In posing questions such as these to the candidates (and ourselves), we can take advantage of the opportunity an election season provides for thinking harder, further, and more imaginatively about how to pursue a morally desirable agenda in a world of relentless power politics.
In the November/December 2004 , Konstantin Medvedovsky, a student of international relations at Bard College, responds to Rosenthal's article with some provocative observations.
Joel Rosenthal begins his piece by asking whether preemption is now an acceptable
principle of America's national security strategy. I find it hard to believe
that presidents make foreign policy choices on the basis of an enduring set
of principles regarding the use of force. Every four to eight years, we have
a new president who sets a security agenda reflecting his views on how best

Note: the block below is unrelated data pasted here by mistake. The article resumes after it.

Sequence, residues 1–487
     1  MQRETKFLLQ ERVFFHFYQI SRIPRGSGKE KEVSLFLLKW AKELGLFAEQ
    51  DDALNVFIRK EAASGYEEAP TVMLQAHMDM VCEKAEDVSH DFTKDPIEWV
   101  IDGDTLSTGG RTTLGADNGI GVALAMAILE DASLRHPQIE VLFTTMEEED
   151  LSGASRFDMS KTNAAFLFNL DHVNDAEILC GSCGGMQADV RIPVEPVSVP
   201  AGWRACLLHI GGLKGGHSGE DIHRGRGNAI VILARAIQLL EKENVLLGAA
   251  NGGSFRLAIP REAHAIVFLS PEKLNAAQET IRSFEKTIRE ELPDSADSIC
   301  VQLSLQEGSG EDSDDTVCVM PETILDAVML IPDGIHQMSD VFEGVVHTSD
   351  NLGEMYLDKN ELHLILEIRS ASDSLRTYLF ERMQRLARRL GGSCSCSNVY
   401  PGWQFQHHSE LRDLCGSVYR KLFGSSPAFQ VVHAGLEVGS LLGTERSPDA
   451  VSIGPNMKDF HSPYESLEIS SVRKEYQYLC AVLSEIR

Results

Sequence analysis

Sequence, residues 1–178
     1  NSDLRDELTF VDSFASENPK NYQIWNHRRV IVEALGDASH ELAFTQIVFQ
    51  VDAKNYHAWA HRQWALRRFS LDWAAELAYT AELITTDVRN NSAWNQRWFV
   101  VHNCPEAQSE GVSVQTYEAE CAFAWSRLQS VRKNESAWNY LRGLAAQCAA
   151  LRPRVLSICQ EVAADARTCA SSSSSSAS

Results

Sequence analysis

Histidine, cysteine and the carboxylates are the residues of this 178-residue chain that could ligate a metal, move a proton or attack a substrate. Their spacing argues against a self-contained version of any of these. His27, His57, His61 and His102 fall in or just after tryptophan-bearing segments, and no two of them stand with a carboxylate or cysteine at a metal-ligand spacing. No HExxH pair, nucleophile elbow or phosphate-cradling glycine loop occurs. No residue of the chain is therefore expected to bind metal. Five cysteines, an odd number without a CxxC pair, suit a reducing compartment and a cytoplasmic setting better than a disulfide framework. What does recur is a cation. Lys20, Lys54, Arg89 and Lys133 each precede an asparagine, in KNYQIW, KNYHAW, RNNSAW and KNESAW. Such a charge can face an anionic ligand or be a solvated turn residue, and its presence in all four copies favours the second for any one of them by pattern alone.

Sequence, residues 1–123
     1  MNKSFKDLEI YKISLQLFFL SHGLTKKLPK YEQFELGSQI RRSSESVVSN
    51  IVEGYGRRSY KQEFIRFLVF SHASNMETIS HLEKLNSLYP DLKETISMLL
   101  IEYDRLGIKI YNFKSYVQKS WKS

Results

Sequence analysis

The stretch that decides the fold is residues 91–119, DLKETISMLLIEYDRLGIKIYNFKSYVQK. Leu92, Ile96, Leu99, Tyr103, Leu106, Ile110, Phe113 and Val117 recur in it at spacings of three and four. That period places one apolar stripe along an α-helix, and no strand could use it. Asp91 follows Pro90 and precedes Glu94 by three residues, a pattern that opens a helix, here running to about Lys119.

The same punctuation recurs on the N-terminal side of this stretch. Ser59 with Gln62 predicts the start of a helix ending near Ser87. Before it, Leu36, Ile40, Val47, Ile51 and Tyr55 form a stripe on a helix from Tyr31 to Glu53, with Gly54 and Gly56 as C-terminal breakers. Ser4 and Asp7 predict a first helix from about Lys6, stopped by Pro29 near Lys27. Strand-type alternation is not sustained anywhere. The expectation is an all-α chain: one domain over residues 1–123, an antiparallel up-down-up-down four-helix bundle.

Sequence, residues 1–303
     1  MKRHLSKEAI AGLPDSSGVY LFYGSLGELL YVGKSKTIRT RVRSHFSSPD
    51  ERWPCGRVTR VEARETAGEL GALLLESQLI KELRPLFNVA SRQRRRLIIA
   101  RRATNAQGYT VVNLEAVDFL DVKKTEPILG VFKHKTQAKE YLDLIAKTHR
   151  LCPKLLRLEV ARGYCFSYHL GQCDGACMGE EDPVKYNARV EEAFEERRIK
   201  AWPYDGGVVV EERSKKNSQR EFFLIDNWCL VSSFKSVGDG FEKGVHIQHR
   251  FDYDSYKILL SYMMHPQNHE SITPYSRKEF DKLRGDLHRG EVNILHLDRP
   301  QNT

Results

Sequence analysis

to make use of the nation's military juggernaut. This is not to imply that America's
foreign policy is bereft of any core ideology-the promotion of democracy around
the world has long been an overriding ideal-but how foreign policy is conducted
depends on the preferences of the nation's chief executive.
In the past hundred years, a wide variety of American presidents have not hesitated
to use preemption and prevention. From President Wilson's forays into Mexico,
to President Kennedy's invasion of the Bay of Pigs in Cuba, to various presidents'
decisions to send troops to Vietnam, the usage of American military might has
never been restricted to situations of "clear and present danger."